What does this mean for the duality of good versus evil? Perhaps the most important way the interdependence of good and evil shows itself is that we don't know what is good until we know what is evil, and we don't feel we are good unless we are fighting against that evil. We can feel comfortable and secure in our own goodness only by attacking and destroying the evil outside us. St. George needed that dragon in order to be St. George. His heroic identity required it. And, sad to say but true, this is why so many of us like wars: they cut through the petty problems of daily life, and unite us good guys here against the bad guys over there. There is fear in that, of course, but it is also exhilarating. The meaning of life becomes clearer. The problems with my life, and yours, are now over there.

That is one of the main reasons why the end of the Cold War created a big problem in the United States, and not only in the military: once Reagan's "evil empire" was history, people whose "goodness" depended on its "badness" felt adrift. A new enemy was needed, but Grenada, Panama and the war on drugs didn't really fill the shoes. This new holy war on worldwide terrorism is much more promising, especially since it seems that we won't ever be able to tell when or if we've won.

In mid-October 2001 the U.S. Secretary of Defense Donald Rumsfeld said that the fight against terror will undoubtedly prove to be a lot more like a cold war than a hot war. If you think about it, the Cold War it took 50 years, plus or minus. It did not involve major battles. It involved continuous pressure. It involved cooperation by a host of nations. It involved the willingness of populations in many countries to invest in it and sustain it. It took leadership at the top from a number of countries that were willing to be principled and to be courageous and to put things at risk; and when it ended, it ended not with a bang, but through internal collapse [Time, October 15, 2001, p.17].

Am I the only one who detects some nostalgia in this comparison? Despite all the problems involved, it is reassuring to return to the good old days. Now we know what needs to be done: to be courageous and aggressive attacking the evil that is outside threatening us.

Everyone loves this struggle between good (us) and evil (them), because it is, in its own fashion, quite satisfying. It makes sense of the world. Think of the plot of every James Bond film, every Star Wars film, every Indiana Jones film, etc. The bad guys are caricatures: they're ruthless, maniacal, without remorse, so they must be stopped by any means necessary. We are meant to feel that it is okay--to tell the truth, it's pleasurable--to see violence inflicted upon them. Because the villains like to hurt people, it's okay to hurt them. Because they like to kill people, it is okay to kill them. After all, they are evil and evil must be destroyed.

What is this kind of story really teaching us? That if you want to hurt someone, it is important to demonize them first: in other words, to fit them into your good-vs.-evil script. Even school bullies usually begin by looking for some petty offense (often a perceived insult) that they can use to justify their own violence. That is why the first casualty of all wars is truth: the media must "sell" this script to the people.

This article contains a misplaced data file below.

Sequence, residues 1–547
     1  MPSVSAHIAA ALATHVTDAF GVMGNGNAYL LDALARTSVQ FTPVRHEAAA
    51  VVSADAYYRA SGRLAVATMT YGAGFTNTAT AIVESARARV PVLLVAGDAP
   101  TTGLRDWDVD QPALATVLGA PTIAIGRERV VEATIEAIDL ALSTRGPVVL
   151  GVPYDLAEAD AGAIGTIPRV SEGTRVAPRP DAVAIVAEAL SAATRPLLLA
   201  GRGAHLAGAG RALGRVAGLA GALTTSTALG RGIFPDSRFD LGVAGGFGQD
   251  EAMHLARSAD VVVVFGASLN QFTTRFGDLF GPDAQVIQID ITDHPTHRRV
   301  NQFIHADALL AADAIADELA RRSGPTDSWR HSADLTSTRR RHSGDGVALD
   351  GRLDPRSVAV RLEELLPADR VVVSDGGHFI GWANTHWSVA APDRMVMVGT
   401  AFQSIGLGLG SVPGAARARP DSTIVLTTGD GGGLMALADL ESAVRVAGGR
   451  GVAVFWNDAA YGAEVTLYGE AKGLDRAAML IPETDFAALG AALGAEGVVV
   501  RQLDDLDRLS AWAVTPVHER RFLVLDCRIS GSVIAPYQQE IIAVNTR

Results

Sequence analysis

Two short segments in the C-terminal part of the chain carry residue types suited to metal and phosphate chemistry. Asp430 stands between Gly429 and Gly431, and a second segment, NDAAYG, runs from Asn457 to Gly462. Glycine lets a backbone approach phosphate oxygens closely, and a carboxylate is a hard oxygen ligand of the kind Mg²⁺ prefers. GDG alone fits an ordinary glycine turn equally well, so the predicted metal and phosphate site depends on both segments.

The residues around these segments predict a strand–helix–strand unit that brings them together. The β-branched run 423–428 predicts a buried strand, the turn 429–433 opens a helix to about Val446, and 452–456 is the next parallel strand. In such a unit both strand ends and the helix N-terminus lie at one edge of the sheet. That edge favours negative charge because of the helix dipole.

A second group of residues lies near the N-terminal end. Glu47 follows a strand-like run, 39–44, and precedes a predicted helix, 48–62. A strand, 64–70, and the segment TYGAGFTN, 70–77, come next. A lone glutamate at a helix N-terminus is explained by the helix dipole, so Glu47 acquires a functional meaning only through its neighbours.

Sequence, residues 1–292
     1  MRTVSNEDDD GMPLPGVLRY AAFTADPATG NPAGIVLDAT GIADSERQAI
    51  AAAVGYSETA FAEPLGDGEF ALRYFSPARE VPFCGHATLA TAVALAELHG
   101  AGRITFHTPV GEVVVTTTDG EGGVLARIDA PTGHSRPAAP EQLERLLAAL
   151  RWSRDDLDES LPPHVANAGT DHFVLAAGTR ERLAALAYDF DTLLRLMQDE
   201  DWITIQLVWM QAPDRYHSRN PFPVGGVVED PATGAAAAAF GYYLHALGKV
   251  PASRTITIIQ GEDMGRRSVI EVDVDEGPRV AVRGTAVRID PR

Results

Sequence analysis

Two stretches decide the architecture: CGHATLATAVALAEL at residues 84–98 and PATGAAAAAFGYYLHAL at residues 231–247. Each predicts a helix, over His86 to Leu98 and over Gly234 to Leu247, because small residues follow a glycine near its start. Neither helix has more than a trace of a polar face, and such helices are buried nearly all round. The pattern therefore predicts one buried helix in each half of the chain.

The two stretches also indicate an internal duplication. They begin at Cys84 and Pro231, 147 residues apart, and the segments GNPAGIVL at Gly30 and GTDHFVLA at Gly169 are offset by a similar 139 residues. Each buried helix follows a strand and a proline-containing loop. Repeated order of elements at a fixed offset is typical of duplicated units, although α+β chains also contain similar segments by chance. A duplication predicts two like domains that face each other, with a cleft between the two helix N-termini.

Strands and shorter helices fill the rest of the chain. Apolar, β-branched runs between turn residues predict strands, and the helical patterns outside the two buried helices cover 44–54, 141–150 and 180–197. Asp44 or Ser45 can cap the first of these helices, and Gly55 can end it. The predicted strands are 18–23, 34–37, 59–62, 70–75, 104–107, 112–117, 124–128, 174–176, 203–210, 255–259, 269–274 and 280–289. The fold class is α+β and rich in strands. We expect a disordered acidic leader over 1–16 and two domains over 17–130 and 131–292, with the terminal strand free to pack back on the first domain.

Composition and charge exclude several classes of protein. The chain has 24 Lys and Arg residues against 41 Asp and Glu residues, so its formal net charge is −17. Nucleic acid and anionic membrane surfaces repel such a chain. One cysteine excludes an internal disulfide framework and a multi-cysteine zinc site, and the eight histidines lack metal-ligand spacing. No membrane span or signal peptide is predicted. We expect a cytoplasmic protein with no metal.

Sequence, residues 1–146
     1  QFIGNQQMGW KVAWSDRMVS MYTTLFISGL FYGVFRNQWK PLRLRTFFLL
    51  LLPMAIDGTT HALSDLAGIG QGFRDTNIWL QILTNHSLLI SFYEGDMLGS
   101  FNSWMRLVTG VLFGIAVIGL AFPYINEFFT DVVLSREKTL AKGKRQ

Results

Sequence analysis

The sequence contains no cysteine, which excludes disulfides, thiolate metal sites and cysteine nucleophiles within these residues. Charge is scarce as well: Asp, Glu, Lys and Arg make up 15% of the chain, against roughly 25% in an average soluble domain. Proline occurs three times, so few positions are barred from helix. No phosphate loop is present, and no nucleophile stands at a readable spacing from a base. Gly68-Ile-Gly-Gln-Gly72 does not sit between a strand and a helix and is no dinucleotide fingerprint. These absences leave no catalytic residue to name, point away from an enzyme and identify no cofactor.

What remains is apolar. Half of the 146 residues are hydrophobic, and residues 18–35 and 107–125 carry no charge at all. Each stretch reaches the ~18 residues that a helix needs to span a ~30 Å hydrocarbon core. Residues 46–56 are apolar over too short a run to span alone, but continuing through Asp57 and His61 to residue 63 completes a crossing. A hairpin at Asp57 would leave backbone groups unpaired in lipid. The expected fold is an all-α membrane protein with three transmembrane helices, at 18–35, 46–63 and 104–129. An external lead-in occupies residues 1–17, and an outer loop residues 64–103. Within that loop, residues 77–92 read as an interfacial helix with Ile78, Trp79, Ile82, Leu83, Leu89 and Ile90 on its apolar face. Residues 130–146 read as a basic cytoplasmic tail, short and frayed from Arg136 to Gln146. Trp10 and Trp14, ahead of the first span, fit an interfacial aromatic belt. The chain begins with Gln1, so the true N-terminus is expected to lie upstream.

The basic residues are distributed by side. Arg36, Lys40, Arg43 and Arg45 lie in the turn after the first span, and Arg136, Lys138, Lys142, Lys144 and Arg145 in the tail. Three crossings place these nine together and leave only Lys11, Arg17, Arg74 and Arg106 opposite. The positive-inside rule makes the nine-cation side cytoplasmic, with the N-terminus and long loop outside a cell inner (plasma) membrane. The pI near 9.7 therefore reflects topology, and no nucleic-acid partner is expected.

As this suggests, such stories are much more than entertainment. In order to live, we need air, water, food, clothes, shelter, friends--and we need these stories, because they teach us what is important in life. They are our myths. They give us models of how to live in a complicated and confusing world. Until the last hundred years or so, the most important stories for most people have been religious: the life of Jesus or Mohammed or the Buddha, and the lives of their followers, etc. Theologians and philosophers may like arguing over concepts and dogmas, but for most people it is the stories that are important: the Easter passion, the Prophet in exile, the future Buddha deciding to leave home...

Today, however, the issue is not usually whether a story is an ennobling one, a good myth to live by, but the bottom line: will it sell? You don't need to be religious to wonder how much of an improvement that is.

Disney's very successful--that is, very profitable --Lion King film contrasts the noble ruler of the animals, his loving wife and their innocent cub Simba, all on the good side, with Simba's evil uncle. The uncle hatches a plot to kill the king and eliminate Simba, who escapes but eventually returns to fight the uncle, etc. All very predictable and boring, although often beautiful visually.

In Japan Lion King was featured in cinemas at the same time as Princess Mononoke, an animated film by Hayao Miyazaki, Princess Mononoke, turned out to be more popular, breaking all attendance records. One of the striking things about this film--in fact about many of Miyazaki's wonderful films--is the way it avoids any simple duality between good and evil. In Princess Mononoke, for example, people do bad things, not because their nature is evil, but because they are complicated: sometimes selfish and greedy, and sometimes just so narrowly focused on what they are doing that they do not see the wider implications of their actions.

I do not know if Miyazaki considers himself a Buddhist, but his films seem to be so. Compare the following passage from the Sutta Nipata, an early Buddhist sutra, where Ajita asks of the Buddha, "What is it that smothers the world? What makes the world so hard to see? What would you say pollutes the world and threatens it most?" Notice that his response makes no reference to evil: